2009: Former Indy 500 winner Juan Pablo Montoya dominated most of the race, leading 116 laps. However, with 35 laps to go, Montoya was penalized for speeding in the pits. The infraction left Jimmie Johnson holding off polesitter Mark Martin for the victory. Johnson becomes the second three-time winner, and the first back-to-back winner of the 400.

Past winners

Year Date Driver (wins) Car Make Winner's Prize
Average Speed
Brickyard 400
1994 August 6 Jeff Gordon Chevrolet $613,000 400 131.932 Hendrick Motorsports
1995 August 5 Dale Earnhardt Chevrolet $565,600 400 155.218 Richard Childress Racing
1996 August 3 Dale Jarrett Ford $564,035 400 139.508 Robert Yates Racing
1997 August 2 Ricky Rudd Ford $571,000 400 130.828 Rudd Performance Motorsports
1998 August 1 Jeff Gordon (2) Chevrolet $1,637,625*||400||126.770||[[Hendrick Motorsports]] |- | [[1999 NASCAR Winston Cup Series|1999]] || August 7 || {{flagicon|North Carolina}} [[Dale Jarrett]] (2) || Ford ||align=right|$712,240||400||148.288||[[Robert Yates Racing]] |- | [[2000 NASCAR Winston Cup Series|2000]] || August 5 || {{flagicon|Texas}} [[Bobby Labonte]] || [[Pontiac]] ||align=right|$831,225||400||155.918||[[Joe Gibbs Racing]] |- | [[2001 NASCAR Winston Cup Series|2001]] || August 5 || {{flagicon|California}} [[Jeff Gordon]] (3) || Chevrolet ||align=right|$428,452 || 400||130.790||[[Hendrick Motorsports]] |- | [[2002 NASCAR Winston Cup Series|2002]] || August 4 || {{flagicon|Georgia (U.S. state)}} [[Bill Elliott]] || [[Dodge]] ||align=right|$449,056||400||125.033||[[Evernham Motorsports]] |- | [[2003 NASCAR Winston Cup Series|2003]] || August 3 || {{flagicon|California}} [[Kevin Harvick]] || Chevrolet ||align=right|$418,253||400||134.548||[[Richard Childress Racing]] |- | [[2004 NASCAR Nextel Cup Series|2004]] || August 8 || {{flagicon|California}} [[Jeff Gordon]] (4) || Chevrolet ||align=right|$518,053||402.5* ||115.037||[[Hendrick Motorsports]] |- |colspan=8 align="center"|'''Allstate 400 at the Brickyard''' |- | [[2005 NASCAR Nextel Cup Series|2005]] || August 7 || {{flagicon|Indiana}} [[Tony Stewart]] || Chevrolet ||align=right|$554,661||400||118.782||[[Joe Gibbs Racing]] |- | [[2006 NASCAR Nextel Cup Series|2006]] || August 6 || {{flagicon|California}} [[Jimmie Johnson]] || Chevrolet ||align=right|$452,861||400||137.182||[[Hendrick Motorsports]] |- | [[2007 Allstate 400 at the Brickyard|2007]] || July 29|| {{flagicon|Indiana}} [[Tony Stewart]] (2) || Chevrolet ||align=right|$463,111* 400 113.379 Joe Gibbs Racing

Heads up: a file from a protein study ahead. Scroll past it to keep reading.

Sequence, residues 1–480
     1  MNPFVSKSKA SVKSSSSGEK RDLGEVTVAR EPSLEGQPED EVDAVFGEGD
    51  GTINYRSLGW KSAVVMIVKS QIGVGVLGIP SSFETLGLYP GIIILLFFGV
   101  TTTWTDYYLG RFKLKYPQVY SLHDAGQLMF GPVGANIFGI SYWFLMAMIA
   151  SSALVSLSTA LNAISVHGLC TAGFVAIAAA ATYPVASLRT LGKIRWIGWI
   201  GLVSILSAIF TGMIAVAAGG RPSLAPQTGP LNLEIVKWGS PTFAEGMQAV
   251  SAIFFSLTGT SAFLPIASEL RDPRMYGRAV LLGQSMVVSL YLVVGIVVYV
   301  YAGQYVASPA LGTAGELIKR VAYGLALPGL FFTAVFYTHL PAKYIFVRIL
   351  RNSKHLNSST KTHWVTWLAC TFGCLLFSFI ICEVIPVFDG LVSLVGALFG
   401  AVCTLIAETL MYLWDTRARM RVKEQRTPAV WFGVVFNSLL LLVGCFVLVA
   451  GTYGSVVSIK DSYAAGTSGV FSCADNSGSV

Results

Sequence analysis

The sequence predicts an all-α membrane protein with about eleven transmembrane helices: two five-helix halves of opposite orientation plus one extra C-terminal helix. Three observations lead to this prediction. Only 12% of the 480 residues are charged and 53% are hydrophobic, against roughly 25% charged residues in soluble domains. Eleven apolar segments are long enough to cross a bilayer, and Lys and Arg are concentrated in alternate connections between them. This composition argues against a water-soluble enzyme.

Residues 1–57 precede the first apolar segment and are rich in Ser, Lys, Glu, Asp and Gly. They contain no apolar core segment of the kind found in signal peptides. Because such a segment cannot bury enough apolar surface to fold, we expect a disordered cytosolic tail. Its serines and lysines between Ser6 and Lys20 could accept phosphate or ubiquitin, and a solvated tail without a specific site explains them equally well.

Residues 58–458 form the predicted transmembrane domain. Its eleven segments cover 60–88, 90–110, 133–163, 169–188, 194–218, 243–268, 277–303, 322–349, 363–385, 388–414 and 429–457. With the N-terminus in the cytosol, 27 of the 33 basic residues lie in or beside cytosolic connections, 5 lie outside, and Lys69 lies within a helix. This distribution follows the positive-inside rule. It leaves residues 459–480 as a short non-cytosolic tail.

2008 July 27 Jimmie Johnson (2) Chevrolet $509,236 400 115.117 Hendrick Motorsports
2009 July 26 Jimmie Johnson (3) Chevrolet $448,001 400 145.882 Hendrick Motorsports
  • 1998: Includes Winston No Bull 5 $1 million bonus which Jeff Gordon was eligible to win.
  • 2004: 402.5 miles / 161 laps due to Green-white-checker finish
  • 2007: Net total includes $25,000 subtracted for use of an obscenity in ESPN post-race interview. Stewart was also fined the prerequisite 25 points per NASCAR policy for language.

Pole winners


Multiple victories

4 drivers have won the Brickyard 400 more than once, accounting for 11 wins out of 16 races held.
Wins Driver Years
4 Jeff Gordon 1994, 1998, 2001, 2004
3 Jimmie Johnson 2006, 2008, 2009
2 Dale Jarrett 1996, 1999
Tony Stewart 2005, 2007


Through 2008


Rank Manufacturer Wins
1 Chevrolet 11
2 Ford 3
3 Pontiac 1
3 Dodge 1

Sprint Cup champions

The winner of the Brickyard 400 has notably gone on to win the NASCAR Sprint Cup championship the same season eight times out of 16 runnings from 1994-2009.

  • 1998 Jeff Gordon
  • 1999 Dale Jarrett
  • 2000 Bobby Labonte
  • 2001 Jeff Gordon
  • 2005 Tony Stewart
  • 2006 Jimmie Johnson
  • 2008 Jimmie Johnson
  • 2009 Jimmie Johnson


  • 1994 Brickyard 400 Official Program

External links


  1. Nichels Engineering shattered speed and endurance records at Indianapolis